NASA Uses AI to Design Mission Hardware
The artificial intelligence-assisted components are lighter and can handle higher structural loads than human-designed components, according to the agency.
NASA is using artificial intelligence to design mission hardware for the improved functionality and manufacturing benefits it provides, according to an announcement on Thursday.
NASA noted that while the AI-designed spacecraft and hardware may look like “bones left by some alien species,” they are lighter, can handle higher structural loads and need a lot less time to develop than parts made by humans.
“They look somewhat alien and weird,” said research engineer Ryan McClelland, who pioneered the design. “But once you see them in function, it really makes sense.”
McClelland created the design of “specialized, one-off parts using commercially available AI software” at NASA’s Goddard Space Flight Center.
In order to make these parts, a computer-assisted design specialist begins with the mission’s requirements and draws in the surfaces where the part connects to the instrument or spacecraft, in addition to any bolts or fittings for electronics and other hardware. The CAD designer may also need to block a path so the AI does not obstruct a laser or optical sensor. Some more challenging builds could need room for technicians’ hands to maneuver to help assemble and align the piece.
According to the announcement, once the off-limits areas are defined, the AI connects the dots to produce the design in as little as an hour or two, but the whole process—design analysis, prototype fabrication to final product—can take about a week.
The parts are about one-third of the weight of traditional components and they can be made by commercial vendors.
“The algorithms do need a human eye,” McClelland said. “Human intuition knows what looks right, but left to itself, the algorithm can sometimes make structures too thin.”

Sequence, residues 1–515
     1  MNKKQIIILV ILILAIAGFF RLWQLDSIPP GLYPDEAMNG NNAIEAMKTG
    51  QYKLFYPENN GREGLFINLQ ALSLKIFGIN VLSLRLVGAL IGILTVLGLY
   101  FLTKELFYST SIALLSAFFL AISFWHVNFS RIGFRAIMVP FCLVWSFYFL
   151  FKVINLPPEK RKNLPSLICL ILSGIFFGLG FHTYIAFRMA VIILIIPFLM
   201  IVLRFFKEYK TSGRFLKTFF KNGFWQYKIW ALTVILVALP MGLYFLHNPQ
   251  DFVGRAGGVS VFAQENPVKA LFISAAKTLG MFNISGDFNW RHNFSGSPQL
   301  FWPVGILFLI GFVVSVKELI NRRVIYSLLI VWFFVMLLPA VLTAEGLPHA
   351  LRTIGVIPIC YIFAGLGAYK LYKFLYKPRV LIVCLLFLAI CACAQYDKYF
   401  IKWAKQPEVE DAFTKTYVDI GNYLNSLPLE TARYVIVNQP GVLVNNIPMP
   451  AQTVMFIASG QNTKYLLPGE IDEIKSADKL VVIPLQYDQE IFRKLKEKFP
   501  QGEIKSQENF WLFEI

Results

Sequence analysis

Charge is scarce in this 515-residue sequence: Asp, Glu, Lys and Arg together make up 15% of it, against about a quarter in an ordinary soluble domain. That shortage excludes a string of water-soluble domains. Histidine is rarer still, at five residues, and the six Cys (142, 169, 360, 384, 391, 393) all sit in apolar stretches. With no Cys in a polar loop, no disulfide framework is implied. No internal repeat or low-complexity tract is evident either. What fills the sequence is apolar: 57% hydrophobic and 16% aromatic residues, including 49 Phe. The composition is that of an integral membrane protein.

The parts are analyzed using NASA-standard validation software and processes to determine possible failure points.
“We found it actually lowers risk,” McClelland said. “After these stress analyses, we find the parts designed by the algorithm don’t have the stress concentrations that you have with human designs. The stress factors are almost ten times lower than parts designed by an expert human designer.”
NASA has adopted these components for various missions—such as “astrophysics balloon observatories, Earth-atmosphere scanners, planetary instruments, space weather monitors, space telescopes and even the Mars Sample Return mission”—in several different stages of design and construction.
For example, this has been used to help develop the EXoplanet Climate Infrared TElescope, or EXCITE, mission—a balloon-borne telescope study designed to examine hot Jupiter-type exoplanets orbiting stars. Specifically, “McClelland designed a titanium scaffold for the back of the EXCITE telescope, where the IR receiver housed inside an aluminum cryogenic chamber connects to a carbon fiber plate supporting the primary mirror.” EXCITE will use a near-infrared spectrograph to perform its continuous observations.
As noted by NASA, AI-assisted design is growing, and there is a strong use case for the agency.
“If you’re a motorcycle or car company,” McClelland said, “there may be only one chassis design that you’re going to produce, and then you’ll manufacture a bunch of them. Here at NASA, we make thousands of bespoke parts every year.”
According to the agency, 3D printing with resins and metals will enhance AI-assisted design and allow larger components like structural trusses, complicated systems that move or unfold, or advanced precision optics. Combining AI, 3D printing or additive manufacturing and creating products with local materials—also known as in-situ resource utilization—will further in-space servicing, assembly and manufacturing capabilities, which is important for the nation’s space infrastructure development as defined by the White House’s Office of Science and Technology Policy.
NASA’s Space Technology Mission Directorate’s Center Innovation Fund and Goddard’s Internal Research and Development program are supporting this work.